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Students and faculty react to potential state law promoting hazing to felony charge

Just weeks after a 20-year-old Bowling Green State University (BGSU) student died in an alleged hazing incident, lawmakers are reintroducing a bill that would make hazing a felony in the state of Ohio.

The bill, also known as Collin’s Law, is named after Ohio University student Collin Wiant, who died in 2018 after a hazing incident at a fraternity annex house.

Senate Bill 126 aims to increase the penalties for hazing. It also hopes to provide more education about hazing at the college level and encourage more transparency from colleges when it comes to handling hazing investigations.

If passed, the bill would increase hazing from a fourth-degree misdemeanor to a second-degree misdemeanor for general hazing, and to a third-degree felony for hazing involving drugs and alcohol.

Miami University has its own history of hazing – the Delta Tau Delta (Delts) fraternity was suspended in 2019. At Miami, the bill could result in harsher punishments for those convicted of hazing.

Ann James, director of the Office of Community Standards, pointed out that many of the Delts fraternity members received harsher punishments from the university than they did legally.

“You can see what the consequences were for the people involved, who were charged with hazing and found guilty of hazing,” James said. “They were misdemeanors. They weren't felonies, and the penalties were, in the grand scheme of things, pretty light. They probably actually had more serious consequences from the university than they did in the legal system.”

She also said if the state law were to change and give harsher penalties to students convicted of hazing, the university would follow suit.

“If there is a law associated with the policy that we have, we like to certainly be consistent with that,” James said. “And so we would look at the law and see, you know, do we need to modify our policy due to a change in the state law?”

In fall 2018, Miami created the Honoring Fraternity taskforce to provide recommendations on how to improve Greek life following concerns over drug and alcohol use. The goals of the taskforce were to “design a culture that develops and rewards student leadership through their participation in a fraternity,” “focus on academic excellence and student success,” and “address the nationwide challenges of hazing, high-risk alcohol and drug use while holding students and chapters accountable for standards,” according to Miami’s website.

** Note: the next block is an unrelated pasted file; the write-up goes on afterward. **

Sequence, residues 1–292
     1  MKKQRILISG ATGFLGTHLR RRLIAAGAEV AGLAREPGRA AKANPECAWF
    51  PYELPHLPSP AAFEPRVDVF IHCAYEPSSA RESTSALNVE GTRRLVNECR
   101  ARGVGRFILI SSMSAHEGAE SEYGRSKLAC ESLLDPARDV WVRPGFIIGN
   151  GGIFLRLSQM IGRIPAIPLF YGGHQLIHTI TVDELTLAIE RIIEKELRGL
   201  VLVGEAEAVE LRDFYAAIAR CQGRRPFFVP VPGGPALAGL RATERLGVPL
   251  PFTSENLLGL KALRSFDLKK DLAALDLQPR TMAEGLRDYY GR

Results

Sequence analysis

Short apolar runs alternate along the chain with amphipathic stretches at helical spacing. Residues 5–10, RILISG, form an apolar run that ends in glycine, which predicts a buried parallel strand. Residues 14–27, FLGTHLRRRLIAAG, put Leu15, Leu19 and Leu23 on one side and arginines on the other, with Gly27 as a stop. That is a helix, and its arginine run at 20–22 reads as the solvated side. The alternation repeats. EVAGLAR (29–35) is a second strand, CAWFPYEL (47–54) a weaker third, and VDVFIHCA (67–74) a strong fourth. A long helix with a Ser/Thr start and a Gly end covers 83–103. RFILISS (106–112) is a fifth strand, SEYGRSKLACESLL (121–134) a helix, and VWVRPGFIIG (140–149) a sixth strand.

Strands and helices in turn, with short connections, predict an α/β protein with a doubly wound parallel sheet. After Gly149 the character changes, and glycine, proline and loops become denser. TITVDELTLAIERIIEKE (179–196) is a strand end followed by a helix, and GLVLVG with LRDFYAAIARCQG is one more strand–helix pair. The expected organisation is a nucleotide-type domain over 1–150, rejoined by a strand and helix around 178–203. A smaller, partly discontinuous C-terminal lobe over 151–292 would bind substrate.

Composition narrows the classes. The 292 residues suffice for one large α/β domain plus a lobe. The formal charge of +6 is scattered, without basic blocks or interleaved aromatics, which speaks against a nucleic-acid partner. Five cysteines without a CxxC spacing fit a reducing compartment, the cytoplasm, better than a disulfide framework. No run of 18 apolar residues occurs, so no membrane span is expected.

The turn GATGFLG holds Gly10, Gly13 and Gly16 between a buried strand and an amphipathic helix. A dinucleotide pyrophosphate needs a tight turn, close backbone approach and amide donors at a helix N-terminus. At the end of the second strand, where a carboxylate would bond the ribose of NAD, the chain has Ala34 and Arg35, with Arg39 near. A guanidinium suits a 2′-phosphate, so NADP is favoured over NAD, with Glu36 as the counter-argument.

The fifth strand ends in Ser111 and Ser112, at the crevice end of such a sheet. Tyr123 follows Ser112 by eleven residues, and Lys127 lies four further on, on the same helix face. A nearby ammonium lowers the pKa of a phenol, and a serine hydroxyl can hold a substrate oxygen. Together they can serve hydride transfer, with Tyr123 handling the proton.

“We were having numerous reports every spring semester around [hazing] and got to a point where we said, ‘This is not acceptable,’” said Scott Walter, assistant vice president for Student Life. “We also put the challenge out to the chapters [and] to the IFC leadership and to alumni to help us change that culture.”

Walter said following the recent events at BGSU, he hopes that those convicted of hazing will have harsher penalties in the future.

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“[Hazing] has no place anywhere … whether it's a fraternity, sorority, athletic team, a marching band – it's just got to stop,” Walter said. “It's got to stop. And at some point, yes, I don't know why it's not a felony. I don't know why there aren't strict penalties. So … I hope that we're not asking this question a year from now because somebody died at some other campus [and] to do that we've got to step up and there's got to be severe consequences and penalties for people's actions.”

Members of Miami’s Greek Life are also feeling the effects of hazing incidents at other universities and the push to increase legal punishments.

Alex Orr, the outgoing chapter president of Beta Theta Pi (Beta), said his fraternity has received negative attention at the national level due to hazing incidents, including the 2017 death of Beta member Tim Piazza at Penn State University.

Orr hopes that increasing the penalty for hazing incidents will encourage members to think not only of themselves, but of their organization as a whole.

“I think one of the things that's missing that's potentially causing the hazing to still be a problem is the lack of accountability for individual members rather than just that accountability going on the chapter as a whole,” Orr said.“I think if members of the Greek community know that they will personally be convicted and that they can get punished by themselves rather than just hiding behind the name of their chapter … that can do a great deal to reduce hazing and keep these guys safe going forward.”